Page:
“I think it’s amazing having a program where women were allowed to be there first. It really shows how much [Brock] believes in their women and how much they want them to succeed,” said current Brock rower and oarswoman of the year, Alyssa Toffolo. This legacy would continue on in other ways. Leo LeBlanc, a St. Catharines native, spearheaded the project to bring together community members in order to contribute funds for the construction of a world class rowing centre right on campus. In 1995 the Leo LeBlanc Rowing Centre was operational.

Year after year, Brock’s reputation for innovation, as well as its facilities, attracts rowers to become student athletes. Brock also has a legacy in developing alumni who compete as Olympians. In total, Brock has had 16 students go on to represent Canada on the world stage in rowing and the most recent, Eric Woelfl, sat down with The Brock Press.

Woelfl, a St. Catharines native, began his rowing career at the high school level while attending Governor Simcoe.

“My dad always taught me to finish what I started. After high school I continued rowing at Brock. I came in at a mediocre level; I’d say I was average. I held onto a spot on the varsity team by a thread when we won bronze at OUA in my first year,” said Woelfl. Brock supported the development of this young athlete until he made the U23 team and joined the national training centre in Victoria BC. Although he finished 13th in the 2016 Rio Olympics, Woelfl values the experience of representing his country and all the people who believed in him through his journey.

“A lot of people could learn a lot from [Woelfl]. His singular drive to always get a little better was what made him succeed. He’s not someone I could have predicted would end up competing in the Olympics when he arrived. It was his hard work that got him there and he should take the credit that got him there,” commented coach Somerwil.

Brock rowing also takes its current student athletes to the international stage and its developmental opportunities like these that inspire such success. For example, Brock was the first Canadian school to the open Men’s eight at the Dad Vail Regatta in Philadelphia in 2010. This win over hundreds of other universities allowed Brock to compete in the Royal Henley in England which is arguably the most prestigious rowing event that exists. Brock has also made appearances at the Boston Head of Charles Regatta where they competed against institutions such as Harvard, Yale, Princeton and MIT.  Some years Brock has medaled and even won gold in certain events.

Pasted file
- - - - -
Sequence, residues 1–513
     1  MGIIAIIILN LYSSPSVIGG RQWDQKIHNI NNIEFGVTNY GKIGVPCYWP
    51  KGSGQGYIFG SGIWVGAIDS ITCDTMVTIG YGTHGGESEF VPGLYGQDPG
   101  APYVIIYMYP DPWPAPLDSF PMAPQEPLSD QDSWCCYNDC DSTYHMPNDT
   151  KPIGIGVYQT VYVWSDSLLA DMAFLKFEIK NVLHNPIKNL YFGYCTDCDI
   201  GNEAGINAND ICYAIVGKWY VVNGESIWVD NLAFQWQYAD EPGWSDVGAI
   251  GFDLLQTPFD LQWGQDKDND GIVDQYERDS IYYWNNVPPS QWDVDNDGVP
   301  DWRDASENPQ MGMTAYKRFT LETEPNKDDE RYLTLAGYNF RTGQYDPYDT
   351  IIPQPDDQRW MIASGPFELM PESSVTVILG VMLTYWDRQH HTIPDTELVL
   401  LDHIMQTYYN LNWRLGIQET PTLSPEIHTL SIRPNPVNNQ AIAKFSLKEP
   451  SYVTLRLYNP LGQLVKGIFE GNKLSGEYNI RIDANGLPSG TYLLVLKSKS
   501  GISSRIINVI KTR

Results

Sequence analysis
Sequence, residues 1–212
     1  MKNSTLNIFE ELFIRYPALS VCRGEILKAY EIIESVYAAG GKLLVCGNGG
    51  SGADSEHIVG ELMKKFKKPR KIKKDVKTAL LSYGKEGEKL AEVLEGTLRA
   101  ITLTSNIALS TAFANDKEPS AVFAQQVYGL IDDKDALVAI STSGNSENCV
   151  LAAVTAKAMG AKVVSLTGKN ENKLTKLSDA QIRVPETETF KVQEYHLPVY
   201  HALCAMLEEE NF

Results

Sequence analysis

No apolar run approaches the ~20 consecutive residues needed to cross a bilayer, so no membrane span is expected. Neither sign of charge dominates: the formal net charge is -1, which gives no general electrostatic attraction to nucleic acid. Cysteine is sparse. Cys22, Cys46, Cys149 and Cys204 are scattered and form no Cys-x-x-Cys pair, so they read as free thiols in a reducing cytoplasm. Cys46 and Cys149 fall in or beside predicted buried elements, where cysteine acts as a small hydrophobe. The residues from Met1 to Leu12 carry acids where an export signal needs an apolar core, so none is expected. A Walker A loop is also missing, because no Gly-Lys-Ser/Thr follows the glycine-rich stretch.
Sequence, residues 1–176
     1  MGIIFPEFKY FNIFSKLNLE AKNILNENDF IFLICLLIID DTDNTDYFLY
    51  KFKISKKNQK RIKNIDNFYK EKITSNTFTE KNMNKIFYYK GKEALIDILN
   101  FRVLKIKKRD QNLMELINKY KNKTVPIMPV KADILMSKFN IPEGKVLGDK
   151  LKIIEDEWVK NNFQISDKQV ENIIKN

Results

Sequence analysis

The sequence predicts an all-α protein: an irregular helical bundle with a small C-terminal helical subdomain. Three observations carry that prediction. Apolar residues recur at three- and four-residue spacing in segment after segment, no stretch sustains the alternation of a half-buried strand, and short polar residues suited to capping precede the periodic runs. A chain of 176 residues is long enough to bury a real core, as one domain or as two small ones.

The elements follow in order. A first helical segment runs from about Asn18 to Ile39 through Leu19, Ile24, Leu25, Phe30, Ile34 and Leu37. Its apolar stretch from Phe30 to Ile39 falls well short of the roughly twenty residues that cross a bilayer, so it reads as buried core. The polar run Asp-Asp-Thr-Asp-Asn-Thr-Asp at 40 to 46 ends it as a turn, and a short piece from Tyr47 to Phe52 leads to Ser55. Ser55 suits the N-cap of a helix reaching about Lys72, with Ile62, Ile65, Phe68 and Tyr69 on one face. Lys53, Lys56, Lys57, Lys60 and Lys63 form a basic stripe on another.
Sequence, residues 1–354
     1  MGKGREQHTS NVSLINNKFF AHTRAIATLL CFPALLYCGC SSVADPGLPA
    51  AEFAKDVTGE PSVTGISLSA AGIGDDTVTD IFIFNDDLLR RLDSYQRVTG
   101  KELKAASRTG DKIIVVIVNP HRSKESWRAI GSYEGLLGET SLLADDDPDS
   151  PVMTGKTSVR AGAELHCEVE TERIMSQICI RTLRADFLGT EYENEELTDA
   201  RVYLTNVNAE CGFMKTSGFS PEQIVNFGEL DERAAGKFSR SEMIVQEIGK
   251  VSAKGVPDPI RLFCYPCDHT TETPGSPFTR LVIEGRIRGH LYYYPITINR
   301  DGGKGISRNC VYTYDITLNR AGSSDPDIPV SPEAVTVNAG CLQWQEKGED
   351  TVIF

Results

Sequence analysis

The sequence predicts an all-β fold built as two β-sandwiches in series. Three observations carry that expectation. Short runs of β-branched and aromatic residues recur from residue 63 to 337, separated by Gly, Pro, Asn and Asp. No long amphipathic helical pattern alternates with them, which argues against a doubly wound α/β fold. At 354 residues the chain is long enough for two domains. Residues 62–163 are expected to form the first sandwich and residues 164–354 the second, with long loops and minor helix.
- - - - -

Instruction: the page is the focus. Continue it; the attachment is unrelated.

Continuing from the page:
“The coaches and volunteers are what make our team so competitive. It’s a second job for them. [Somerwil] has worked extremely hard to get what a lot of coaches call the best fleet of boats in all of Canada. It’s amazing to have equipment of that quality,” said Toffolo.

With new recruits coming in next year, the rowing team will look to improve from their finishing positions. The women’s team has continued to improve for the third year in a row, a process Toffolo says she’s honoured to be a part of.

“Brock is a world class academic and athletic institution. Having the opportunity to be student athlete and represent the school at all levels, I’m so proud when I say I’m an alumni. The torch is passed to the next generation. I fulfilled my expectation and goals I set for myself and I hope to see next set of rowers and students or athletes or both to fulfill their goals. Brock is an amazing place to achieve those goals,” concluded Woelfl.

When someone says Brock University, rowing may not be the first thing that comes to mind. It should be, however, because it connected Brock to the community, established innovation within the institution and continues spread the reputation of the Badger around the world. Brock is synonymous with rowing, it was the first OUA Provincial title the university ever achieved and will always have the banner to prove that.